François-Paul Journe created a piece unique inspired by Francis Ford Coppola that sold at the Only Watch charity auction in 2021 and is now making another variation.

The original FFC Blue Prototype, presented in a gray-blue tantalum case, features a blue mechanical tantalum hand that displays the time digitally and sold for over $4.5 million at Only Watch 2021. For 2023, F.P. Journe has created a platinum version with the same 42 mm x 10.7 mm case dimensions, and the same caliber 1300.3.

2023 FP Journe FFC front

F.P. Journe is calling the new version an “exclusive production” and while no production number has been disclosed, we’re certain that if you see this new version, it will be a rare sight — and if you see the one-of-a-kind blue-hand version, it will be even rarer.

Francis Ford Coppola is a legendary American Academy-award-winning filmmaker who directed The Godfather (1972), The Godfather II (1974), The Godfather III (1990), Apocalypse Now (1979), Bram Stoker’s Dracula (1992), Megalopolis (TBA). François-Paul Journe is a legendary French master watchmaker who founded the eponymous F.P. Journe manufacture in Geneva and who is one of the most respected watchmakers in the world. Together, the concept of the FFC watch was born.

2023 FP Journe FFC caseback

During a dinner in 2012 at Coppola’s house in Napa Valley, he and Journe had a discussion, and Coppola brought up the question: “Has a watchmaker ever tried to represent time on the five fingers of a hand, the way the ancients used to count the hours?” After 2 years of reflection and 7 years of development, the FFC Blue prototype came to life.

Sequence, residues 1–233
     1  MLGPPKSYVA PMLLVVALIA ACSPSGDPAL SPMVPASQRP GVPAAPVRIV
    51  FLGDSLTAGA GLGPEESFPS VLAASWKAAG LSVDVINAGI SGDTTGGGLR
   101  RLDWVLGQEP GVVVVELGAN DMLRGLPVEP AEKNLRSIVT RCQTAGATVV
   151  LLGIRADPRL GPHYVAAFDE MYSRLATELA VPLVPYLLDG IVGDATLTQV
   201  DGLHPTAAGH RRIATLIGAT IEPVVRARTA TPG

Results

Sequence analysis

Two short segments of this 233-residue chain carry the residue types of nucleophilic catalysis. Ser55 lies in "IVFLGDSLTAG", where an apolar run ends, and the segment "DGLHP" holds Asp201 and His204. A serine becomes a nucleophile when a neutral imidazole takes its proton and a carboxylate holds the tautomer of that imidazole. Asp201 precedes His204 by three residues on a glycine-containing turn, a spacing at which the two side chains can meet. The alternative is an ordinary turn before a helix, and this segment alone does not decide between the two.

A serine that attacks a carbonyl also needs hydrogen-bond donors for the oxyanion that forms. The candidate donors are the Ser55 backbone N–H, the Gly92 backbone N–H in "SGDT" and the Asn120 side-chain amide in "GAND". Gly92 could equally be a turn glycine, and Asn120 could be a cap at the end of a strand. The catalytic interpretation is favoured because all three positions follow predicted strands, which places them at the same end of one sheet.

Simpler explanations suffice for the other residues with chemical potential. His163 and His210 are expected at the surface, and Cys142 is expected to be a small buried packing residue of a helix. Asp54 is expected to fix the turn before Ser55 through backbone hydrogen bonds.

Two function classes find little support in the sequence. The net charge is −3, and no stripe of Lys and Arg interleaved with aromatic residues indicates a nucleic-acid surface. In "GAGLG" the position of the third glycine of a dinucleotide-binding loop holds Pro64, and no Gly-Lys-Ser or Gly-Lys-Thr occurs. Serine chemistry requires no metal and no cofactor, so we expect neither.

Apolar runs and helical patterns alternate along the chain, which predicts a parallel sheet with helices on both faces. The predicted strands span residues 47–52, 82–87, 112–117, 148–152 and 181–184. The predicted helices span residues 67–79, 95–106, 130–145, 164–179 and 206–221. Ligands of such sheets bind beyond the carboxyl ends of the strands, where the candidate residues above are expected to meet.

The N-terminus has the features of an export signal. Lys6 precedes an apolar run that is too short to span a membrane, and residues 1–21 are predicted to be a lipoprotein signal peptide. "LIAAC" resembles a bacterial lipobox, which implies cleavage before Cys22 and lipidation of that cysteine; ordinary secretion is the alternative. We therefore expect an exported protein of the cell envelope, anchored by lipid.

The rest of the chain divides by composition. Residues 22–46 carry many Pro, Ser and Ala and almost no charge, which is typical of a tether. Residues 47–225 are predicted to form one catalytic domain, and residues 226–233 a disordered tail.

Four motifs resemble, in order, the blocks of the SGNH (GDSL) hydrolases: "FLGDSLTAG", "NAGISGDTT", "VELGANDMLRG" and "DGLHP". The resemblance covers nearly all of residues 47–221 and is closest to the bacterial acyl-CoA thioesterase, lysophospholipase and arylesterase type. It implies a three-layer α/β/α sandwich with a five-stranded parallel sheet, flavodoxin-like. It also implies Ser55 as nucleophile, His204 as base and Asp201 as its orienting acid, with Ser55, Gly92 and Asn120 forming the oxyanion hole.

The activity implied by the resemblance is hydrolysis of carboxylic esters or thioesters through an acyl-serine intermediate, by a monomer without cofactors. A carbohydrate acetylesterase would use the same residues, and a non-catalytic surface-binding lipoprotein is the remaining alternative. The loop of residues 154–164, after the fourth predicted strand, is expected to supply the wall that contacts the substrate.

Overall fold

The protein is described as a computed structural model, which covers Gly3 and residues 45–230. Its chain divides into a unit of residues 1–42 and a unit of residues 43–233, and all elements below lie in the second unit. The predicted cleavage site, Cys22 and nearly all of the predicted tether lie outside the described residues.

Fast forward to 2023, and FP Journe has created a new piece using the same caliber 1300.3 architecture with the high torque automatic Octa movement and a remontoir d’égalité that delivers a constant force, every 60 minutes, activated by a series of cams and levers, and a new titanium hand (based on Ambroise Paré and F.F.Coppola design) replaces the blue tantalum hand of the prototype. Titanium is notoriously hard to work with and each hand takes 16 hours for an engraved to engrave, sculpt, and decorate by hand.

Like with the prototype, the minutes are read by a rotating disk at the 12 o’clock position, while the mobile fingers appear or disappear instantaneously to display the hour according to their positions. The fingers are inspired by a mechanical hand created by Ambroise Paré (1509-1590), the father of modern surgery.


Photos by F.P. Journe.

Posted by:Jason Pitsch

Jason is the founder of Professional Watches and specializes in writing, product photography, and digital marketing.